In the years following Vatican Council II, many centuries old monasteries of TOR nuns in Spain, Italy and Mexico formed federations to strengthen and increase their charism of contemplative prayer. They have been blessed with an increase in vocations and the founding of new monasteries. Along with these signs of vitality there has also been an increasing impetus towards unity while respecting our diversity. One of the earliest efforts in this regard was the promotion of Inter-Obediential Congresses composed of the Major Superiors of Tertiary Congregations of Franciscan men. The inspiration for these meetings came from a letter of Pope Pius XII to the Minister General, Fr. John Boccella, T.O.R. on the occasion of the 5th Centenary of the Third Order Regular. Following that first Congress, the delegates were received in a special audience by the Holy Father who was pleased that his suggestion had been followed up. In all there were 4 Inter-Obediential Congresses along with less formal meetings which served to foster a deeper fraternal knowledge and apostolic collaboration among the congregations of friars. A friar, very dedicated to this vision, was Bro. Joseph Schieffer CFP of the Franciscan Brothers of the Poor (Aachen, Germany) who served as the Secretary of the Inter Obediential Congress/Office for several years. The most lasting and widespread influence of these Congresses was in preparing the way for that historic meeting in Madrid, Spain in 1974. From that 4th Inter-Obediential Congress of the friars and representatives of several Conferences of Franciscan Sisters came the document Officially titled: A Statement of Understanding of Franciscan Penitential Life, which came to be known simply as The Madrid Document. As Bro. Paul McMullen T.O.R. explains in his study on the development of the new Rule:
This document gave a distinct and unique direction to the understanding of Tertiary life today. It offered a clearer notion of penance in the biblical concept of metanoia, or ongoing conversion. Although we now have a new Rule, this Statement remains a valid spiritual document and expression of our Franciscan Penitential life.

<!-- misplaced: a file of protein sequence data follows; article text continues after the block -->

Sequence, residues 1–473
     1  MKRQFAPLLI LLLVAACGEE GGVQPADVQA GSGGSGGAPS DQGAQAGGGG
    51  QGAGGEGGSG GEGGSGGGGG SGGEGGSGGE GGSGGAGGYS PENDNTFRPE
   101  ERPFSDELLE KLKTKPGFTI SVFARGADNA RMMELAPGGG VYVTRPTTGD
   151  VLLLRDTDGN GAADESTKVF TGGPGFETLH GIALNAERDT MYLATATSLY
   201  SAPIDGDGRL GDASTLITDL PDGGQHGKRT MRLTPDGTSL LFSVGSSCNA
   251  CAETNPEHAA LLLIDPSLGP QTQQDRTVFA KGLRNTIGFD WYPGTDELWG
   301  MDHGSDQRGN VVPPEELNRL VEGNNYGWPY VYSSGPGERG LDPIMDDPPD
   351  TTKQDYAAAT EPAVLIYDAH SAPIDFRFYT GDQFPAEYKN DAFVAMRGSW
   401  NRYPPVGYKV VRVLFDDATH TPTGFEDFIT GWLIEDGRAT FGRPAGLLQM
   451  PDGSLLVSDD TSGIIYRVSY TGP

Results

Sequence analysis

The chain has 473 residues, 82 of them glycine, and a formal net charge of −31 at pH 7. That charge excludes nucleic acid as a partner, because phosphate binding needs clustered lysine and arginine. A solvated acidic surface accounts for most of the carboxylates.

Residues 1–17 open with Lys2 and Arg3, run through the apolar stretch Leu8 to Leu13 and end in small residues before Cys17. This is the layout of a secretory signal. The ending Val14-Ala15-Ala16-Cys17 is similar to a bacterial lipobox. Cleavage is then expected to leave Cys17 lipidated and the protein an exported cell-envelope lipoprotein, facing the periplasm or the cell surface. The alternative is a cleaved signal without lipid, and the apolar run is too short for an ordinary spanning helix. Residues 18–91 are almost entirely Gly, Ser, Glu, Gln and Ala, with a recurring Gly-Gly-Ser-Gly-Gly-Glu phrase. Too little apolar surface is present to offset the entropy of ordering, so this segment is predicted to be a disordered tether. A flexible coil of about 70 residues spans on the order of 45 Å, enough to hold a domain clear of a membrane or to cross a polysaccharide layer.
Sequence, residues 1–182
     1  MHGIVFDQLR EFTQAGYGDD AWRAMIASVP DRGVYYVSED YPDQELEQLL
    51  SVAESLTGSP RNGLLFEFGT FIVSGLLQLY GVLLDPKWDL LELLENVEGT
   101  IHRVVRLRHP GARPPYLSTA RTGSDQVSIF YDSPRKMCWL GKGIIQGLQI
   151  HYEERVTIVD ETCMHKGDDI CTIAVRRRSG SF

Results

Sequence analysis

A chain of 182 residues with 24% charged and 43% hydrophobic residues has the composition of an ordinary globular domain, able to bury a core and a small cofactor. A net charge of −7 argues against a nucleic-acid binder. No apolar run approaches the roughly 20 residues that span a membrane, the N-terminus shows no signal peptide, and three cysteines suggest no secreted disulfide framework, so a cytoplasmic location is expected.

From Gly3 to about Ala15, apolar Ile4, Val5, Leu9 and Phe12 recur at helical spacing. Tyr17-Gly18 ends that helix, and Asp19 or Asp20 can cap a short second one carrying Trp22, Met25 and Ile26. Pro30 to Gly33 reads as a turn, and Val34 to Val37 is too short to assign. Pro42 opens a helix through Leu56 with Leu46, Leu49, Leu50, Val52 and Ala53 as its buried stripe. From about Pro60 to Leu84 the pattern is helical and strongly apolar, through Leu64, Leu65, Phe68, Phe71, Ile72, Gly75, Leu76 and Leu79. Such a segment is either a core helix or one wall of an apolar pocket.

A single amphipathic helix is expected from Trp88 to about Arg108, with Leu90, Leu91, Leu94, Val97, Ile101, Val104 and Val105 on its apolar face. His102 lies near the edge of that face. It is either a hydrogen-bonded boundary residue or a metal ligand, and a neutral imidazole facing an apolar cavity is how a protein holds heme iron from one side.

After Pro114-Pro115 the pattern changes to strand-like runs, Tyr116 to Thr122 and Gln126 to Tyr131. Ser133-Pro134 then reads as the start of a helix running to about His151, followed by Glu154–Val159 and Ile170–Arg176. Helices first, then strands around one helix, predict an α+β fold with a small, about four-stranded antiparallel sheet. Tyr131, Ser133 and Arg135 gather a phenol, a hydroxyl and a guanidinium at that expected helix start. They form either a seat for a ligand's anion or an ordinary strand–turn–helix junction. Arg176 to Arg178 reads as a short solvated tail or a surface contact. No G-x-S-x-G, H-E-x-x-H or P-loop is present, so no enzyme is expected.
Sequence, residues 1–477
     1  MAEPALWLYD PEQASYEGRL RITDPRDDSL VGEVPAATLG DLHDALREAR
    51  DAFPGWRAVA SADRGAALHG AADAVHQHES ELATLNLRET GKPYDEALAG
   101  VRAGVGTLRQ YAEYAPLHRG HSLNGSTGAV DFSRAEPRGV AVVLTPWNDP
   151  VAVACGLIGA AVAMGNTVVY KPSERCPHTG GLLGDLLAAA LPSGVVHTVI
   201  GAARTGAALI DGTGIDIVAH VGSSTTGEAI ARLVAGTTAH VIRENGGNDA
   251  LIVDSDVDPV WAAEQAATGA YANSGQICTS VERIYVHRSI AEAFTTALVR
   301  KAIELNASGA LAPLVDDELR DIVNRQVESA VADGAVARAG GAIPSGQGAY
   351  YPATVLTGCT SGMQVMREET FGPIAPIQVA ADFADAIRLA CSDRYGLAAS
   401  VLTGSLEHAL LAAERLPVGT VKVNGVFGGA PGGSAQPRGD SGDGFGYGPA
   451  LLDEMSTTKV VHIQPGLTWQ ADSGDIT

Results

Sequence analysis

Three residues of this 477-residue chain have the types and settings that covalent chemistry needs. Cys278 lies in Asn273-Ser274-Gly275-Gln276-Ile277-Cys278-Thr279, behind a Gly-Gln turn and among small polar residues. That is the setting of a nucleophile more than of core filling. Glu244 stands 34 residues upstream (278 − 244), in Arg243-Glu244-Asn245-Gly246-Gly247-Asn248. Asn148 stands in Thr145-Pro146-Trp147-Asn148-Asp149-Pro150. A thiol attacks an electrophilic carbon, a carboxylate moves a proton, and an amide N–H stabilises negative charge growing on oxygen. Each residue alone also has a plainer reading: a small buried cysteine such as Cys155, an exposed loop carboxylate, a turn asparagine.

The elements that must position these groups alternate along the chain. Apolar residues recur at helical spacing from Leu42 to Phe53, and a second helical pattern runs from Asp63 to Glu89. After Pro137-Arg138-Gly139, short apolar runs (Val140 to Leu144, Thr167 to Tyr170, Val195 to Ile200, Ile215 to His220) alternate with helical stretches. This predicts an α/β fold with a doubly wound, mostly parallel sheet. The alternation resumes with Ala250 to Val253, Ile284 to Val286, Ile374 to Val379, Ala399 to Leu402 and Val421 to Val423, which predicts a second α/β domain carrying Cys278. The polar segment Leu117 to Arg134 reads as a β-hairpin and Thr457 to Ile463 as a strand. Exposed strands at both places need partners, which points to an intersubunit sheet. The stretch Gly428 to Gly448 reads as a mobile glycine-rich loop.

Gradually, the studies and work projects towards a new rule which were being done independently in different countries or among various language groups in response to that renewal of religious life called for by Vatican II came to be known and shared. Over the subsequent 10 years there were a series of national and international meetings to coordinate these efforts. Commissions and coordinating structures were set up to guide the process of arriving at a clearer understanding of all the aspects of the charism of the entire Third Order Regular Family to be expressed in a new Rule. From a diversity of languages, nationalities, cultures and expressions of the Charism of the Franciscan Order of Penance came mutual respect and understanding leading to a real sense of unity among the many Congregations of the Franciscan Third Order Regular.
We began by noting that one of the strengths of the Third Order Regular of St. Francis has been its amazing diversity which, in isolation often proved a weakness. Something new and wonderful has taken place in our time. The beauty and richness of our diversity remains but to it has been added a unity of spirit and heart, a unity of hopes and efforts crowned by the Church's approval of our new Rule which has given new strength and vigor to the whole Order. We are hopeful that these efforts towards unity begun with such promise be continued and multiplied by all the Brothers and Sisters of the Third Order Regular of St. Francis throughout the world.
Fr. Seraphin Conley, TOR
"The Cord," vol. 40, n.4, 1990.